K: What is your favourite song ever produced and why?

J: What by any band ever? Errr… Actually, if I pick a song based on its impact on me rather than the songcraft or production alone, then it’s am easier question to answer… So, I’m gonna pick ‘Burn’ by The Cure, because it was the song that led me to discover The Cure in the first place, and that’s the band that led me to decide to pursue music as something I wanted to do. I was watching The Crow when it came out at the cinema, with my friend Paul, and I just really liked that piece of music. I hadn’t really heard anything like it before. Paul was a bit older than me (I was 16/17 and he was more like 22) and he recognised it as The Cure and lent me the Mixed Up compilation. I absolutely loved it, and then bought Kiss Me, Kiss Me, Kiss Me and loved that that as well. Then Disintegration and so on… It was the first time I appreciated how words and music could be married with each other to create something greater than the sum of its parts. To enhance a message or to add constrasing perspectives. Lullaby – the words are ambiguous. It could just be about a big spider. It could be about addiction. It could be about obsession – a possessive relationship. It could be about any of those things. But the way that the bass line moves, it really makes you think about a big hairy spider and completely supports that allegory. If you look at the way your fingers move when you play that bassline it sorts of flits and fleets like a spider’s legs. And the plucked strings could be the threads of the web springing back into position as the spider moves across them. It’s really clever. It’s really been thought about as a whle package – either consciously or sub-consciously. Other songs have a more childlike approach to the same sort of idea, like The Caterpillar with the flickering of the butterfly wings and Jumping Someone Else’s Train with that chugga-chugga steam engine vibe… The Yeah Yeah Yeahs do something similar with the sound of the train tracks clanking away in a song called Subway.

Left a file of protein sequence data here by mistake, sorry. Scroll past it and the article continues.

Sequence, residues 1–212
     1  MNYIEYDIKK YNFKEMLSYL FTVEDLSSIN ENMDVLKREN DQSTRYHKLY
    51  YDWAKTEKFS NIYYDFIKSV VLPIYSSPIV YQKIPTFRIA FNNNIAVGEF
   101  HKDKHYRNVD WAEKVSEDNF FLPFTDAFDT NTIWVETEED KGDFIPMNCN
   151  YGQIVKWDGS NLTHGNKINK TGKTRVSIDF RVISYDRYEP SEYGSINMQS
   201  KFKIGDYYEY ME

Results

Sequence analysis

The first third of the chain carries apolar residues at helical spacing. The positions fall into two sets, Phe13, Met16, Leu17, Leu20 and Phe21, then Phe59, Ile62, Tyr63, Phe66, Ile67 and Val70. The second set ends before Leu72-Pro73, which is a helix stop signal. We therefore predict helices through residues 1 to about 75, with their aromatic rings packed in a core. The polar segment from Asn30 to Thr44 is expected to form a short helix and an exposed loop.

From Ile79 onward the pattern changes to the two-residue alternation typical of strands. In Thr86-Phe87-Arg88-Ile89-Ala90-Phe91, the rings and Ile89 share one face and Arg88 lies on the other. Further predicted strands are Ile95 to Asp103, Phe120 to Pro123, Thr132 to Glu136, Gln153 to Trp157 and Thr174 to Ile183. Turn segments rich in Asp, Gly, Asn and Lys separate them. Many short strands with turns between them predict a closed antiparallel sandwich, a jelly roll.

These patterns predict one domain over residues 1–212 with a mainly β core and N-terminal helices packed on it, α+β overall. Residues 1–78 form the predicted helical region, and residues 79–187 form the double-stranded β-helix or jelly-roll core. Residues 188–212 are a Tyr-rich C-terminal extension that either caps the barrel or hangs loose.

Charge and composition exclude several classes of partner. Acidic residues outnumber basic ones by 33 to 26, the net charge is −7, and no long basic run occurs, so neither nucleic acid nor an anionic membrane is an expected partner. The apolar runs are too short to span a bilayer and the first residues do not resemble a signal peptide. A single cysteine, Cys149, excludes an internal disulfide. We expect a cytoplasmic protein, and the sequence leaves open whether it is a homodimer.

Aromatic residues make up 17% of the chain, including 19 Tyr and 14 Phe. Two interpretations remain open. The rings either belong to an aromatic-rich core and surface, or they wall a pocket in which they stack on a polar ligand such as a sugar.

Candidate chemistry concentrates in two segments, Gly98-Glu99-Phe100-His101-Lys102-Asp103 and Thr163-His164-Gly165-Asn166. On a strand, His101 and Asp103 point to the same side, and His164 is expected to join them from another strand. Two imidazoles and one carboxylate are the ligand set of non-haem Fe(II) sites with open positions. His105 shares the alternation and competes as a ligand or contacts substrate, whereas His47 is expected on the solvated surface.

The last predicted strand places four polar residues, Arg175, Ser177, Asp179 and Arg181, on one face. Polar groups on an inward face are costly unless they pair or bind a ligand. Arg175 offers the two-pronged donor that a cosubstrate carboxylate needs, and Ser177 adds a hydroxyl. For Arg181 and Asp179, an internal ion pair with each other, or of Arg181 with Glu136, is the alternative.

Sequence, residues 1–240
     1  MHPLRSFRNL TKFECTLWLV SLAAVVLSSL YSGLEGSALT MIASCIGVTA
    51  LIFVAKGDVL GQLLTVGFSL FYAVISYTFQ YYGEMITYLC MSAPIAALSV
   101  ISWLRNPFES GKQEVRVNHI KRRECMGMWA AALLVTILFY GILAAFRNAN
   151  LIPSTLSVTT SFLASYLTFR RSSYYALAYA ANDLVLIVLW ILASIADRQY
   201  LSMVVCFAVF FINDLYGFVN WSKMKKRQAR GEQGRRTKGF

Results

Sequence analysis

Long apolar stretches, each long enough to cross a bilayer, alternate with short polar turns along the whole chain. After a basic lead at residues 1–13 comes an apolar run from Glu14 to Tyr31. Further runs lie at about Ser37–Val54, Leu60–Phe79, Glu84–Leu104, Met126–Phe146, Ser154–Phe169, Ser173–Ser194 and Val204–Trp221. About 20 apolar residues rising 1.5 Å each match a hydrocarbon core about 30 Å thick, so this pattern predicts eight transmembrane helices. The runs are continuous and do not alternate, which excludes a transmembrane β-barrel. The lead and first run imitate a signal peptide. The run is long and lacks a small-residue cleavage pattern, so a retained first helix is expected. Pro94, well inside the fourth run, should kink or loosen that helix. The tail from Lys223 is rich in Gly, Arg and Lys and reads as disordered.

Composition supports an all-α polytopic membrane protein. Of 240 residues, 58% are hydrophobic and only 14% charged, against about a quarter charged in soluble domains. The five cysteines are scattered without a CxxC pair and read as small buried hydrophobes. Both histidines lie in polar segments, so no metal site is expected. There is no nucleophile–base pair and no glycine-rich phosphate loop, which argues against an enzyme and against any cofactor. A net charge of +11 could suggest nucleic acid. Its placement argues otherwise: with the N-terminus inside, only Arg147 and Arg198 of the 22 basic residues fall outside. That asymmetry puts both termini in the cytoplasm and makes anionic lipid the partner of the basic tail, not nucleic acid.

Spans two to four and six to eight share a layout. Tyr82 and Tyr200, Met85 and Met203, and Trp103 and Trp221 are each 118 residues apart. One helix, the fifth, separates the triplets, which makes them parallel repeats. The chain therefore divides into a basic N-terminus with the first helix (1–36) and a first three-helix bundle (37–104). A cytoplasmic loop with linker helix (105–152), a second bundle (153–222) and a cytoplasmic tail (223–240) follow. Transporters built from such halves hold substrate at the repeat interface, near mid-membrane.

I also learnt more and more about the way words and music could complement or contradict each other to change the implied meaning of the song. You can make music quite sarcastic if you want to, or entirely sincere. The same friend who gave me the Mixed Up album also gave me the Velvet Underground album, Andy Warhol, which has the song Heroin on it. It speeds up, and speeds up, and it’s supposed to be like that progression of someone taking a hit.  I don’t know that any of these ideas have found their way into much of our music (I’ve got a collection of songs that use water and the ocean as metaphors for obsession and isolation) but they’re the ideas that inspired me anyway!

K: What’s your favourite song that you’ve made?

J: Does it have to be one that’s available as a recording?

K: Not necessarily. Which one did you love writing/recording/singing on stage the most?

J: Again, I’ll rely on the wider context of the song, rather than the song itself and say ‘Try Hard’. That’s the first song I wrote that people really responded to, both recorded and live. So it gave me the confidence to get a band together and take things further. And I owe a lot to a man called Pete Bilk for encouraging me to develop the song, because when I started going to the studio where he worked, I just wanted to get a load of material down with just an acoustic guitar and vocals. Especially because at the time I was really into Elliott Smith. So I’d got the parts down for this song Try Hard, and was wanting to move on to the next one, but Pete was like “that’s a really good song, you should go to town on it and add some drums, and bass and keyboard parts”, and he really pushed me to see where it could go. Don’t get me wrong, as the first song I ever recorded, it’s rough around the edges, and in the end, I convinced Pete that we should do the next song. But he continued to encourage me to think differently about how you could construct a song.